Say $\sigma_1, \sigma_2, \dots, \sigma_m$ are i.i.d distributed $\pm1$ variables. How do I show that for any choice of $S_1, S_2, \dots, S_d$ subsets of $\{1, 2, \dots, m\}$, the expectation of the supremum over $S_i$ of the absolute value of the sum of the $\sigma$'s with indices in $S_i$ is bounded above by $\sqrt{2m \log d}$?


closed as off-topic by Kaveh, Lev Reyzin Jun 5 '15 at 20:58

This question appears to be off-topic. The users who voted to close gave this specific reason:

  • "Our site policy prohibits simultaneous crossposting: it duplicates effort and fractures discussion. Crossposting is permitted after a week has passed without a satisfying answer elsewhere. When crossposting please summarize the relevant discussions from other sites in your question and link between the copies in both directions." – Lev Reyzin
If this question can be reworded to fit the rules in the help center, please edit the question.


This is not a research-level question (is it homework?). Hint: See Massart's Finite Class Lemma, for example here: http://ttic.uchicago.edu/~tewari/lectures/lecture10.pdf


Some additional context would be nice and would help initiate a meaningful discussion, as well as make sure that the requirements to use some bound are fulfilled. Also, while related, the question at hand is strictly not TCS, although such lemmas are frequently used in proofs. Finally, it would be beneficial to acquire to research on your own an answer to your question, since i you are planning of conducting additional research in the future this knowledge will be extremely valuable.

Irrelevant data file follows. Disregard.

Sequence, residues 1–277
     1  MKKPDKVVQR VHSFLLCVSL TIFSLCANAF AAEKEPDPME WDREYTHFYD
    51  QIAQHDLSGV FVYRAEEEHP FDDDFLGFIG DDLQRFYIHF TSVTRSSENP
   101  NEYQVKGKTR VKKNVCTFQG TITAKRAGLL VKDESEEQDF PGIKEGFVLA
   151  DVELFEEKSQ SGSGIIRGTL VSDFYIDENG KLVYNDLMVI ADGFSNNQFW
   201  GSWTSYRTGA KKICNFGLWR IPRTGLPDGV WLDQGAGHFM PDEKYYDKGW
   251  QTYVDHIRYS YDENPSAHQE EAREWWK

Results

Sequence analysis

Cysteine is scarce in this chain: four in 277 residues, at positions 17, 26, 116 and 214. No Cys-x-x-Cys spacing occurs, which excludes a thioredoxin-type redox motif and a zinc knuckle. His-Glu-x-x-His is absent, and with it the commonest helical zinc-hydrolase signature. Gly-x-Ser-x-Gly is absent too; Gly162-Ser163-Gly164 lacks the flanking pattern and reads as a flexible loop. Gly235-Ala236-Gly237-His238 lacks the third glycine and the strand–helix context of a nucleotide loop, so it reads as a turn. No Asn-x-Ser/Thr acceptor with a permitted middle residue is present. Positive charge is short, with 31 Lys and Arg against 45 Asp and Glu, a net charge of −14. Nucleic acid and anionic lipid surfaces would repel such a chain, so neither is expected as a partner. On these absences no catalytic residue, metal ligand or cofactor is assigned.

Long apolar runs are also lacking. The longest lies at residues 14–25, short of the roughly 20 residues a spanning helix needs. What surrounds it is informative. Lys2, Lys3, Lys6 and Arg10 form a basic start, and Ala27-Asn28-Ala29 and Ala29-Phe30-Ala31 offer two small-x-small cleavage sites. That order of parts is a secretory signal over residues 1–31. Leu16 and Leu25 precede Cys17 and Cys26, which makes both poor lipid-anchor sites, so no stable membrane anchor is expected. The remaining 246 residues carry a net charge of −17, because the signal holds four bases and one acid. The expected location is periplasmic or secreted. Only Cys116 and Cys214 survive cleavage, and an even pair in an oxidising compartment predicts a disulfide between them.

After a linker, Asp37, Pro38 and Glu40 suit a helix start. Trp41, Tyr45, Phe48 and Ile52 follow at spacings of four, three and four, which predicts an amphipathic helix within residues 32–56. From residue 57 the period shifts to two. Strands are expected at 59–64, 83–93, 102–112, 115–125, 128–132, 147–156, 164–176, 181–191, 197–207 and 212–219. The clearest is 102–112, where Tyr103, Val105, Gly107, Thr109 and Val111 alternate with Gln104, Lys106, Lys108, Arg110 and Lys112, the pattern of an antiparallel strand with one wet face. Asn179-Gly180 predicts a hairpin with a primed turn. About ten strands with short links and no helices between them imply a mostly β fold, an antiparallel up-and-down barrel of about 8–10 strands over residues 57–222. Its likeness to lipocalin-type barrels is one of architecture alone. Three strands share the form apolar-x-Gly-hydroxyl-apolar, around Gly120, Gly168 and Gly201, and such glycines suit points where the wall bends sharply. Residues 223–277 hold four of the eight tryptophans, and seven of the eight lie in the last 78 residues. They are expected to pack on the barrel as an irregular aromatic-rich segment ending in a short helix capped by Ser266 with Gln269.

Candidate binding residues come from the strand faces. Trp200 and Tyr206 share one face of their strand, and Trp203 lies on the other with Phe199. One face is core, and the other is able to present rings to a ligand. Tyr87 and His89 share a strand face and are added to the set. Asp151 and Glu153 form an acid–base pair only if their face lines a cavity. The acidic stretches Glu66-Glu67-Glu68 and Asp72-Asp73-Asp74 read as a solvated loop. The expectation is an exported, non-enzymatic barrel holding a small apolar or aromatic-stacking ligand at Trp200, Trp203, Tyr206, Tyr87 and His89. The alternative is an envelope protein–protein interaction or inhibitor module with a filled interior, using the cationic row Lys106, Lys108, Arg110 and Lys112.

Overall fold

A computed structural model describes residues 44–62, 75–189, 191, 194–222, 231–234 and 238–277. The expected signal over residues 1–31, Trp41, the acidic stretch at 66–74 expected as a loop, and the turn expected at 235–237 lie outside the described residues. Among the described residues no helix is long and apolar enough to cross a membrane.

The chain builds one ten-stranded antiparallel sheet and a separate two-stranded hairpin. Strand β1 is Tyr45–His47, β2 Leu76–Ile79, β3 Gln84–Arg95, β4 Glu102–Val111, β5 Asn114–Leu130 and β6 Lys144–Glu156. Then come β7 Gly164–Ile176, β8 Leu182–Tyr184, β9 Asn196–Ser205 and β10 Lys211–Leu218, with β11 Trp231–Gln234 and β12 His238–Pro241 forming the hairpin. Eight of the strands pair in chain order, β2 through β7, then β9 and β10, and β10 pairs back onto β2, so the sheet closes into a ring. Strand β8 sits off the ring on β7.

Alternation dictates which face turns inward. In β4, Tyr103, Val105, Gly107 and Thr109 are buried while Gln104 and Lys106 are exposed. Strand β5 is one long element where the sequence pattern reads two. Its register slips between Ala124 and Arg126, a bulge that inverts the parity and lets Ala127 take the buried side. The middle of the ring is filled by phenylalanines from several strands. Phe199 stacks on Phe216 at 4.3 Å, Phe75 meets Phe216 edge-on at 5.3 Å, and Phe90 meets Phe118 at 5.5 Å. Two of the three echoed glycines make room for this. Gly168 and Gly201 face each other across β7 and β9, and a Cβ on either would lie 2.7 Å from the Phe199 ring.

I would suggest looking into the so-called "concentration inequalities", which with little modification should provide an answer to your question. If you are still having trouble finding with an answer after a week, I would also recommend cross-posting this question to math.SE, which seems more suited to give an answer. Make sure you indicate the question has already been posted elsewhere and provide a link to it, as is required by our site's policy.

Finally, I would suggest you read the relevant information on the help center, on what kind of questions are relevant for cstheory.

PS: Posted this as answer as it contains some relevant information and it was too long for a comment.


Not the answer you're looking for? Browse other questions tagged or ask your own question.